The Fertile Crescent for Fertile Minds
We face the new school year, teachers and children alike, with high hopes
for a productive year. Our job
as educators is to make it an exciting one, full of new discoveries.
Let’s give the children a rich curriculum full of knowledge. Let’s
delve into ancient history, Sumer and Egypt, or Greek and Roman myths to serve
as a springboard for studying those civilizations. Some third-graders with
whom Reading Reform Foundation worked in inner-city New York City classrooms
delighted in having a child’s version of the Odyssey read to them and
wrote letters to their teacher, saying it was the highlight of their year.
Dr. E. D. Hirsch, Jr. has developed
and published the Core Curriculum, which introduces first graders to ancient
Mesopotamia (currently Iraq), followed by Egyptian studies. These civilizations
are all part of what has been called “The
Fertile Crescent” geographically.
Such studies need a good foundation
for beginning reading of systematic phonetic instruction that makes use of
all the children’s sensory pathways for
learning. All children—no matter from what social or economic group—thrive
on organized, step-by-step phonics teaching. Comprehension begins with the
word, proceeds to the sentence and then to the paragraph. As words are written,
their meanings can be discussed. Teachers can help students examine words closely
for meaning from first grade on. For example, Sunday means the day of the sun,
Monday means day of the moon. Children are fascinated by this, and it is the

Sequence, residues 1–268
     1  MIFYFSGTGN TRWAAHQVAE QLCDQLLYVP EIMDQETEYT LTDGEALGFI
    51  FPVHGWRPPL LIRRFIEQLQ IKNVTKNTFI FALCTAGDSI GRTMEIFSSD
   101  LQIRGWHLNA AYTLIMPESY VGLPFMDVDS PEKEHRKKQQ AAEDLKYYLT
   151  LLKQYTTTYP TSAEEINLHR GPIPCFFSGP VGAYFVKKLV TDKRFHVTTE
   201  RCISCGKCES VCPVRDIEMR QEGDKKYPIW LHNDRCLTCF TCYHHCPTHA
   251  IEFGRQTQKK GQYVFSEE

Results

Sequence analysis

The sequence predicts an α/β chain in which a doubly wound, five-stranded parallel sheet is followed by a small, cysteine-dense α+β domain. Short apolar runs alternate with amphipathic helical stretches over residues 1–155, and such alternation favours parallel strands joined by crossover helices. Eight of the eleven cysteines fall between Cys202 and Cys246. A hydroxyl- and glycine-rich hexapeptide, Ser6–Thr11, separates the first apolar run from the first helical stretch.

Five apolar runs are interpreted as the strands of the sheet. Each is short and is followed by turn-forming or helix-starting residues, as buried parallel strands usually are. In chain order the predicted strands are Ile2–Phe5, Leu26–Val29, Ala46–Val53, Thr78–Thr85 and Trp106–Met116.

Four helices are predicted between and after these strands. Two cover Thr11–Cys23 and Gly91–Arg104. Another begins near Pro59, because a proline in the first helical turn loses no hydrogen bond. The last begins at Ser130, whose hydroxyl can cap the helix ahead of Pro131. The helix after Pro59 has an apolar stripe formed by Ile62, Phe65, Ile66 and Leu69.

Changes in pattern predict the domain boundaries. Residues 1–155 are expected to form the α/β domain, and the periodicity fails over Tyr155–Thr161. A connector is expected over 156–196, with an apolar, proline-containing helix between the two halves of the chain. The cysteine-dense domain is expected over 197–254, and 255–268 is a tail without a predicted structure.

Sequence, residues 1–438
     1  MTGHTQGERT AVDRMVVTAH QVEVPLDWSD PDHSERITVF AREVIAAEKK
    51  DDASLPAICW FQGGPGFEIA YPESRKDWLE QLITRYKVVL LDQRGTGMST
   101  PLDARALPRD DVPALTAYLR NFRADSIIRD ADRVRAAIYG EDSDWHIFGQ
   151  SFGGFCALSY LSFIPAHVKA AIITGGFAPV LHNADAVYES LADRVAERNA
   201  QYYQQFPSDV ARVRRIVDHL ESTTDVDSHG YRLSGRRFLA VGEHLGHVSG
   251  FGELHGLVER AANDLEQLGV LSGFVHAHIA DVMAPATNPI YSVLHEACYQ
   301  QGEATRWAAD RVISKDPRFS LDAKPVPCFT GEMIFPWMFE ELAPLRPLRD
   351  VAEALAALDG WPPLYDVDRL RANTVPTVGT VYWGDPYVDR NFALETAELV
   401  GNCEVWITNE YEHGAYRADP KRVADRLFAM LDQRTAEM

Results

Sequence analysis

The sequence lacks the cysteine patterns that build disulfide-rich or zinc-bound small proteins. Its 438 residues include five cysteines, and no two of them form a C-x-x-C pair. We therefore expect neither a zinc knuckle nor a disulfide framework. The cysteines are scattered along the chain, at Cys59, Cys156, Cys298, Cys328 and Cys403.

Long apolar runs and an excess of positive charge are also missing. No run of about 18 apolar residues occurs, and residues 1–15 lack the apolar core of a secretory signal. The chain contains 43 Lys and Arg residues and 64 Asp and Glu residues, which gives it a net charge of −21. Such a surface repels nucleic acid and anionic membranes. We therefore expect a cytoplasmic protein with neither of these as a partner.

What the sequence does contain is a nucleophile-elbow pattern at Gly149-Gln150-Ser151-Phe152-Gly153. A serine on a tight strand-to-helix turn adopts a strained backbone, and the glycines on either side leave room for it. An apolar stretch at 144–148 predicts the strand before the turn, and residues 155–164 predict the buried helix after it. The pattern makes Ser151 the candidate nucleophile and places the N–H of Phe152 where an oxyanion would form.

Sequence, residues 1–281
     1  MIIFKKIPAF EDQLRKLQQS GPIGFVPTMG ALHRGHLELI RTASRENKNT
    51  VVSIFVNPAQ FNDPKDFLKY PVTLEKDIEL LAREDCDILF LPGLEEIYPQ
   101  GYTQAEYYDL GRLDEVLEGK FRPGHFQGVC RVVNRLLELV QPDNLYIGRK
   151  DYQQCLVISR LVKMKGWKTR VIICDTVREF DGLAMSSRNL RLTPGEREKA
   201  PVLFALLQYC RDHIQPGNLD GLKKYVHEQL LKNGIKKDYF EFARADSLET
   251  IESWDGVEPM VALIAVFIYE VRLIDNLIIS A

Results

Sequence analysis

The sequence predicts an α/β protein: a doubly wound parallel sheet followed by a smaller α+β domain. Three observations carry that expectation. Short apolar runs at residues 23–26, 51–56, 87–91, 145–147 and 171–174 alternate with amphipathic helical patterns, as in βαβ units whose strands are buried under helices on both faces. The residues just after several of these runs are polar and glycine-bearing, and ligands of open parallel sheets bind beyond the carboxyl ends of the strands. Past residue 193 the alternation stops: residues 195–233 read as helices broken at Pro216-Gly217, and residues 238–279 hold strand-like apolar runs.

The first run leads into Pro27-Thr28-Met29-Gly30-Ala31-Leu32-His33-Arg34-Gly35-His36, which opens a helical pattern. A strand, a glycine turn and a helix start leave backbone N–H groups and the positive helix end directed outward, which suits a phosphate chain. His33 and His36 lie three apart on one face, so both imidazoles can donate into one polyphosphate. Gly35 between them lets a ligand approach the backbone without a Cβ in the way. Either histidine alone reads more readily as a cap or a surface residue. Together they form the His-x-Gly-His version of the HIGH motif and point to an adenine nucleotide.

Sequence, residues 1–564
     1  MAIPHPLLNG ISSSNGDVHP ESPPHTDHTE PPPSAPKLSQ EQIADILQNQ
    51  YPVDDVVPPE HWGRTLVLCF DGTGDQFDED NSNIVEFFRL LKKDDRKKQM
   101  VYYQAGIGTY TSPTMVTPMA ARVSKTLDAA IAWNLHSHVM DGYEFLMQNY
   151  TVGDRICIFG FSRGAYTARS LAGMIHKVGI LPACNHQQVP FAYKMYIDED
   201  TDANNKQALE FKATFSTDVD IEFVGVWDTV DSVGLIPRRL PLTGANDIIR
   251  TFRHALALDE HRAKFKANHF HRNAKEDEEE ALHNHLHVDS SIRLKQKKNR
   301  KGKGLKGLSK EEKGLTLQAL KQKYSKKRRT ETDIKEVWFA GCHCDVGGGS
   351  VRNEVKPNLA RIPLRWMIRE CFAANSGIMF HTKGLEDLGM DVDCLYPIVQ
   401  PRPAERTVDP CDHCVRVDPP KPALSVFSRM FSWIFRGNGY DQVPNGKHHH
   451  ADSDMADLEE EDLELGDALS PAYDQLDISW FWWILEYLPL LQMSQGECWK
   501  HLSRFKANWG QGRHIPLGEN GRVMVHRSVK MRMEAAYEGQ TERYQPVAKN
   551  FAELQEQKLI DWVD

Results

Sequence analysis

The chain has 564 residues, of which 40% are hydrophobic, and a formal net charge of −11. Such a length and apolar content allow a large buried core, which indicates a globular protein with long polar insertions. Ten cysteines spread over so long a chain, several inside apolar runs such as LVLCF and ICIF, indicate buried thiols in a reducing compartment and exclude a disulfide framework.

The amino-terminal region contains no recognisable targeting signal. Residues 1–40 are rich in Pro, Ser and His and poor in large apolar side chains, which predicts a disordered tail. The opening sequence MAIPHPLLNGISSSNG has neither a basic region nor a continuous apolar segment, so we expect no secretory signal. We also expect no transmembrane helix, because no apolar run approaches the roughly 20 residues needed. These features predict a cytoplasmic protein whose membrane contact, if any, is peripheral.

beginning of a wonderful intellectual journey.
While this foundation for reading,
writing and spelling is taking place, a teacher can read to his or her pupils
about ancient civilizations such as Mesopotamia or Egypt. Together the teacher
and the class can look at maps to see where these civilizations were. They
can draw time lines and measure with rulers to place 3000 or 2000 B. C. E.
on the line. They can sound out and write words and names pertinent to these
studies, such as Mesopotamia, Hammurabi, pyramid, papyrus, (all of these
words can be taught phonetically) but most important, they can expand the
child’s world and make knowledge exciting. This is
how to develop comprehension.
This kind of reading and study builds
a base of wide knowledge and enriched vocabulary and is essential to avoid
the “fourth-grade and beyond slump.” As
Jeanne Chall wrote in her book: The Reading Crisis: Why Poor Children Fall
Behind (Harvard University Press, 1990): The needs of low-income children are
not essentially different from those of children from middle-class homes. Indeed,
our findings suggest that low-income children benefit most from programs that
work best for most children—a strong reading program that provides for
learning of skills as well as wide reading in the primary grades, and a combination
of structure, challenging and direct teaching, and practice in the reading
of many books on a wide variety of topics in the middle grades.
Let us vow this year to engage those fertile minds.#
Sandra Priest Rose is Founder of Reading Reform Foundation of New York
and Trustee of the New York Public Libray and Lincoln Center for the Performing